Douglas Adams, who had such a low opinion of Asimov’s prose that he said he “wouldn’t employ him to write junk mail,” nonetheless called Foundation’s ideas captivating. Nolan echoed Adams’s sentiment in an interview with Indiewire this week, saying, “There are some ideas in those [books] that’ll set your fucking hair on fire.” They’re right: In addition to inventing or popularizing many familiar sci-fi tropes, Asimov found time to ask big questions about free will, the limitations of science, and history’s tendency to repeat itself, weaving what James Gunn5 described as a “detective-story fascination with permutations and reversals of ideas.”
Not the Guardians of the Galaxy director.
The problem is that it’s hard to summon an example of a successful show devoted as purely to ideas (at the expense of the traditional TV trappings) as a faithful Foundation adaptation would be. Asimov’s contemplative leanings explain why only two of his tales have made it to theaters. The first, Bicentennial Man, was poorly received; the second, I, Robot, was a big box-office draw but bore only a passing resemblance to Asimov’s stories.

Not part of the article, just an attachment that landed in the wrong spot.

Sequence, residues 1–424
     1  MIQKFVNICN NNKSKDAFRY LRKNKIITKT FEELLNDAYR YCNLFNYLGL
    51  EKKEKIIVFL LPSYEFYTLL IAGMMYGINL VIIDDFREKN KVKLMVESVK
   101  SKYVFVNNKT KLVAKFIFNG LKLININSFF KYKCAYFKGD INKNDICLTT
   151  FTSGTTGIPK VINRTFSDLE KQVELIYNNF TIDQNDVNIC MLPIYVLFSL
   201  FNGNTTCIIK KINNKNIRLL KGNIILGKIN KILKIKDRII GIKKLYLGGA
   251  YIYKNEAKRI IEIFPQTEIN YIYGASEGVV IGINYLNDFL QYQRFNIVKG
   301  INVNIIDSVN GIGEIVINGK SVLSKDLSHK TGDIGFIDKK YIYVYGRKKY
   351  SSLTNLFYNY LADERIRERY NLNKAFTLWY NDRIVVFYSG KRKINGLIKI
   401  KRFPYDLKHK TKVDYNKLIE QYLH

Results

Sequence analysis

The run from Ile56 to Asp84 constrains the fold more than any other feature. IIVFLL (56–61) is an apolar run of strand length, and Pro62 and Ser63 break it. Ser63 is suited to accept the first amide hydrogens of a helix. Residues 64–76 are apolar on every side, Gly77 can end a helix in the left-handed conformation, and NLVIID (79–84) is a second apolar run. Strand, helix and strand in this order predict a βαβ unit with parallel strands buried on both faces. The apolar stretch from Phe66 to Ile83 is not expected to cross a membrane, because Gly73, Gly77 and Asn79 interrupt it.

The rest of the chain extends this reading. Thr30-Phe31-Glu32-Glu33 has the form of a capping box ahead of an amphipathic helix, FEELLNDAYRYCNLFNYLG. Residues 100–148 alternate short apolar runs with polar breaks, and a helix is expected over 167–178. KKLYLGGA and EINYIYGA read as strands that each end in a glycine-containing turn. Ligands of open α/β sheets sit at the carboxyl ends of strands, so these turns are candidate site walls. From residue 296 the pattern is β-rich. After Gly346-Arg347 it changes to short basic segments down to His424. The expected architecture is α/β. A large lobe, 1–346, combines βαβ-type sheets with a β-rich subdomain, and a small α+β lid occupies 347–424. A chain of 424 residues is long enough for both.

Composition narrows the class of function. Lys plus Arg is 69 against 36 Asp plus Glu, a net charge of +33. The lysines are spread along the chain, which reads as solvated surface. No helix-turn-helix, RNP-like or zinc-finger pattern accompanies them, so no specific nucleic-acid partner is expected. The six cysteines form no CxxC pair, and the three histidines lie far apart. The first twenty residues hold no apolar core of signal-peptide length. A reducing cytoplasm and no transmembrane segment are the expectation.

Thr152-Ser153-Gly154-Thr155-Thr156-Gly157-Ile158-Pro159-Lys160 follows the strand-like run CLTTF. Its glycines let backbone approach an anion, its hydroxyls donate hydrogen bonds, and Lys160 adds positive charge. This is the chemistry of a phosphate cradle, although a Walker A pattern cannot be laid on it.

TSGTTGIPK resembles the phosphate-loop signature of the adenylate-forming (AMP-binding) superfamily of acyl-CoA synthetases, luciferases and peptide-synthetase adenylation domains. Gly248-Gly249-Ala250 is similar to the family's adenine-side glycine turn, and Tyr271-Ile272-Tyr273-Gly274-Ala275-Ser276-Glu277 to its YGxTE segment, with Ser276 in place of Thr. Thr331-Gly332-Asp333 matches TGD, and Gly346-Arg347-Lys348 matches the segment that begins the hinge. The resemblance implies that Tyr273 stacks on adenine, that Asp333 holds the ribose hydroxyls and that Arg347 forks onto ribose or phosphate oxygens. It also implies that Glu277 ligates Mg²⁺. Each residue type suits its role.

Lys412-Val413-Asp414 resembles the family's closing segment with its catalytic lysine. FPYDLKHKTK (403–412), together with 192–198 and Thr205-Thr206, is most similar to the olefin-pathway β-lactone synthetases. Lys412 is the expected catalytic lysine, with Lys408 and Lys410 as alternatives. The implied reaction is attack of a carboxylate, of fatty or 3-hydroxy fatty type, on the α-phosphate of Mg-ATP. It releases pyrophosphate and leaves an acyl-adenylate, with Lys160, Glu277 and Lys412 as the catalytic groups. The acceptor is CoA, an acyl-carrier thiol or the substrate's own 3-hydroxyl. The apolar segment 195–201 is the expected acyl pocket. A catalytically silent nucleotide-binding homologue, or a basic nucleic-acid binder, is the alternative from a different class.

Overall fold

Nolan’s brother is the visually inventive one, but Foundation isn’t kinetic enough to require Christopher’s brand of movie magic. Foundation’s strength is the scope of its story, not the scope of its special effects. We know that the younger Nolan has the fondness and respect for the source material that the arduous task of adapting it demands, and we know that he’s thought about its themes: The show he created, CBS’s Person of Interest, is also about predicting and preventing catastrophe through science and psychology, albeit on too granular a level for psychohistory to help.